He called on the Minister, Roderic O’Gorman, to resign.
“Is it not a bit rich for a minister who is on a salary of €183,000 a year to tell providers and staff, many of whom are on salaries that are less that the minimum wage, that a strike is not necessary?”
The Taoiseach robustly defended his Minister for Children in the face of strong criticism led off during Leaders’ Questions by Sinn Féin leader Mary Lou McDonald, who called for greater public investment in childcare services and fair pay for the professionals – mostly women – working in the area.
“It’s time for the Government to stop tinkering around the edges of this crisis.”
Leo Varadkar didn’t see investing more than €1bn as tinkering. He stressed that the Government “has prioritised spending on childcare like no other” and hinted that more relief would be forthcoming the next month’s budget.
Unlike their Opposition champions, the Taoiseach hadn’t much time for the protesters, well-behaved or otherwise. He deemed their action “unwarranted” and rather dismissively declared that they represented “probably less than 5 per cent” of the childcare sector.
Owners of small creches who didn’t attend the demo and parents struggling to pay fees – “the equivalent of a second mortgage” as Mary Lou put it –,would not share his opinion.
Leo also had little comfort for the community and voluntary care workers who are threatening strike action next month if their pay is not brought up to par with colleagues in the public sector.
Labour leader Ivana Bacik raised another aspect of the “care crisis” in support of those workers who provide essential services on the State’s behalf by “providing a lifeline to Ireland’s most vulnerable communities”.
These are the people – again, predominantly women – who care for the homeless, provide disability services and look after older people and yet the Government “has washed its hand of responsibility for them”.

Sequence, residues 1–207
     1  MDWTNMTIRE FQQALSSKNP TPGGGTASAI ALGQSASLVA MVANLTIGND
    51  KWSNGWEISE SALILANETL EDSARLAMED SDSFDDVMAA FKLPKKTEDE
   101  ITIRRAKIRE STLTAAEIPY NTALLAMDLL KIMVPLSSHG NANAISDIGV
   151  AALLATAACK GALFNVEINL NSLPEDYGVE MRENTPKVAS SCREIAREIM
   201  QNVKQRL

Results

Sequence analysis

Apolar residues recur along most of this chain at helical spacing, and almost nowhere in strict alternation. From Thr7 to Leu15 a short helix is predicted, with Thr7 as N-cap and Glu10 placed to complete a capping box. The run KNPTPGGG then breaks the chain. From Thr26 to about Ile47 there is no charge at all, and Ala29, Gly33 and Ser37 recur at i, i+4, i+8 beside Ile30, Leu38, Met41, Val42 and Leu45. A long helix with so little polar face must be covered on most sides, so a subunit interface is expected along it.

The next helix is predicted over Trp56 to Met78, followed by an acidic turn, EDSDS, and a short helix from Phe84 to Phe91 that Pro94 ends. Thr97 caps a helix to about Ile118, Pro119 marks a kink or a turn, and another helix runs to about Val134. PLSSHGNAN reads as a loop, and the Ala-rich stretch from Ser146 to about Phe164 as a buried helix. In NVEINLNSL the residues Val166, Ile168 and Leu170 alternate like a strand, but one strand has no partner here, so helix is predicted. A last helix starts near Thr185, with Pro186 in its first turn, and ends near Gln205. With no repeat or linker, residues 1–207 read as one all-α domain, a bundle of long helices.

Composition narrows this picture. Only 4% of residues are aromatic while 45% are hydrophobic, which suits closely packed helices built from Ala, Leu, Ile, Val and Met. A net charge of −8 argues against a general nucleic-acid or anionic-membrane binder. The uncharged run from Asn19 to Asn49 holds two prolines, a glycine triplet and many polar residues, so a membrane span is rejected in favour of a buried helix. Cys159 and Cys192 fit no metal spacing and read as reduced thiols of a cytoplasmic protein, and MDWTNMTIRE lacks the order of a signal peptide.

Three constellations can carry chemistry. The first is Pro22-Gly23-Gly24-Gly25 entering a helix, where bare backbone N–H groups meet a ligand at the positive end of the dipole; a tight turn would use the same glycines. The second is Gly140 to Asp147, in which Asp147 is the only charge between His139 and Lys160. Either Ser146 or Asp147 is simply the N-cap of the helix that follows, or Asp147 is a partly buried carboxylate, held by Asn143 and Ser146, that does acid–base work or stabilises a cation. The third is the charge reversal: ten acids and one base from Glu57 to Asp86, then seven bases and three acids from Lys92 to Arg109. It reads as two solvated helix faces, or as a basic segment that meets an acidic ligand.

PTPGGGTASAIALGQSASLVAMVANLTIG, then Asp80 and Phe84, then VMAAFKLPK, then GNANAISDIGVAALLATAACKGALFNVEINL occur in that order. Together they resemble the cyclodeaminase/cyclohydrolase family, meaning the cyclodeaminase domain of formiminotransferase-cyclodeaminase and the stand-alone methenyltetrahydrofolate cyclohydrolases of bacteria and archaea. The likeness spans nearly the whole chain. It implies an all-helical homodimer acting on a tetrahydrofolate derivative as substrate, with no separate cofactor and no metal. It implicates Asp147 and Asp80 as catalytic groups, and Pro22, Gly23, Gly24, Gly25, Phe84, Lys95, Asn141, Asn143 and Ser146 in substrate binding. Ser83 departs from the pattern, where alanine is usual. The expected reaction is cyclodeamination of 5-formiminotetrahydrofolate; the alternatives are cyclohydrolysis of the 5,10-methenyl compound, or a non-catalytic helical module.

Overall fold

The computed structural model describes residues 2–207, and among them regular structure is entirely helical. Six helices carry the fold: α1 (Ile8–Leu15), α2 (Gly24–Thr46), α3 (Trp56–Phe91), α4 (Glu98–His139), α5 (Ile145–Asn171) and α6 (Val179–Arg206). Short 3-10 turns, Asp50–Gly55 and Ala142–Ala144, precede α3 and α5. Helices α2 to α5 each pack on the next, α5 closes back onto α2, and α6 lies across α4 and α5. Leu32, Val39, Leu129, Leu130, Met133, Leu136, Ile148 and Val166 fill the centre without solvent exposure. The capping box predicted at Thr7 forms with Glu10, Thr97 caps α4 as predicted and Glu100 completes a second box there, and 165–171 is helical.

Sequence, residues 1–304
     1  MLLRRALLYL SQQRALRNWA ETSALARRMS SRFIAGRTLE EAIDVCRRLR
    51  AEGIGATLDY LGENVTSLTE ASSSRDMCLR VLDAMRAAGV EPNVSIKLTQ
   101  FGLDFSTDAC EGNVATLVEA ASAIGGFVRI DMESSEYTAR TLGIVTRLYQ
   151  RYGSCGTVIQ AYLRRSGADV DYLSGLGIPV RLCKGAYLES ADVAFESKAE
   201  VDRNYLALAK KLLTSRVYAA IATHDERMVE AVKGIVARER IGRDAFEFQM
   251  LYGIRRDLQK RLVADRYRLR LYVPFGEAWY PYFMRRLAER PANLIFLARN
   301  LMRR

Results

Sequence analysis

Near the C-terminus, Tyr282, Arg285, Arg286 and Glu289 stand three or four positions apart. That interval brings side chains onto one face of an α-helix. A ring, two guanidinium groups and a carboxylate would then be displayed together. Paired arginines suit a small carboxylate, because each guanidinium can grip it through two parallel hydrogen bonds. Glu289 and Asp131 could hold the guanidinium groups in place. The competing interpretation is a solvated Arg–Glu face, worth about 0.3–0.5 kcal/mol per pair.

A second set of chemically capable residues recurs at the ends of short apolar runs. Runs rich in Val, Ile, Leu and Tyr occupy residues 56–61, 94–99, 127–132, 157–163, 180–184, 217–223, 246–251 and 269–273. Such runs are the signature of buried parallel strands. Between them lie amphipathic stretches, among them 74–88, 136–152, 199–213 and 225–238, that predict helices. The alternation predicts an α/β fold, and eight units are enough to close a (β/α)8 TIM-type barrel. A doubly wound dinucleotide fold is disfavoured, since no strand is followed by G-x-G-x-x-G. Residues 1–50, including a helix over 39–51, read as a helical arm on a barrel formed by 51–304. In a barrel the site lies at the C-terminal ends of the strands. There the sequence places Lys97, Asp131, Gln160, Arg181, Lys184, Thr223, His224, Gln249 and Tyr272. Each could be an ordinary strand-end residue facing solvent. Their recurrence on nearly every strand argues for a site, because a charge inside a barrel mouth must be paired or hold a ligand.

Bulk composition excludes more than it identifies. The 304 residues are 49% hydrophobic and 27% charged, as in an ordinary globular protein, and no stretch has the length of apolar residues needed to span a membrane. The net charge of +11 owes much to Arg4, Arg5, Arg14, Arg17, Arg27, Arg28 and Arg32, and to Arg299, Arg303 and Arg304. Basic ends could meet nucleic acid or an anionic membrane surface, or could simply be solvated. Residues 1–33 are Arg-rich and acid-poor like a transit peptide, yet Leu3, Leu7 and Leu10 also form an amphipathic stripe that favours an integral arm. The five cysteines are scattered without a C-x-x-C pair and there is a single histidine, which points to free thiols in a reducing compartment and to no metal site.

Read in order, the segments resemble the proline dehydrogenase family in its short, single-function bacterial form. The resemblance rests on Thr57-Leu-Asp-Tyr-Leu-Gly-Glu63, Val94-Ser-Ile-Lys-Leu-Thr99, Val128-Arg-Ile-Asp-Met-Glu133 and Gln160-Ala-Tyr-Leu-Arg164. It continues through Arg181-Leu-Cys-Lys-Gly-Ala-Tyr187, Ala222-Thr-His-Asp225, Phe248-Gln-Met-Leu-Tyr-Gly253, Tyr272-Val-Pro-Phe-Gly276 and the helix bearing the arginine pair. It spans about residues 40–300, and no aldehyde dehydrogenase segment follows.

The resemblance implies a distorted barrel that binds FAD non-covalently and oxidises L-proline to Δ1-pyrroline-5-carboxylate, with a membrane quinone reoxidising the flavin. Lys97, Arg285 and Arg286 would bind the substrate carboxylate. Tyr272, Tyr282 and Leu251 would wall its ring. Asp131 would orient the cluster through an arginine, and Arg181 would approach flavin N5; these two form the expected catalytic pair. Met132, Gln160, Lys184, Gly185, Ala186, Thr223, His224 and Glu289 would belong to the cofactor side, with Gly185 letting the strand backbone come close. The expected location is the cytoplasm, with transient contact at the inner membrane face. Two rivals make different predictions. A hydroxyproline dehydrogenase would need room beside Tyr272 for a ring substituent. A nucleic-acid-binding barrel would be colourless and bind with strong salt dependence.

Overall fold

“We are not the employers,” argued the Taoiseach, who hopes the strike won’t happen. But he acknowledged that the State funds this vital work and so “has a role to play” in resolving the issue.
An increased pay offer is on the table.
“Derisory. It’s below the rate of inflation” countered Ivana.
Obviously, if the strike goes ahead Tusla and the HSE will have a contingency plan, said Leo.
“That has the sound of a let-them-eat-cake approach to a collapsing care system” she replied.
Catherine Murphy of the Social Democrats was in full agreement with the Labour leader.
If the strikes go ahead, many vital community services will collapse, she told the Taoiseach. And if these bodies didn’t exist the State would have to provide the care directly.
“We urgently need to have a discussion about this. The idea that Tusla and the HSE can somehow magic up a contingency is pie in the sky,” said Catherine, sounding genuinely worried.
If nothing happens in the next three weeks, absolutely vital services will be shut down.
But Leo believes a good pay offer is on the table.
“I’m sorry it wasn’t accepted.”
Suppose they’ll just have to go off and get better paid jobs elsewhere in the health service so.
As they are already doing.
Don’t blame him. What’s a caring government to do?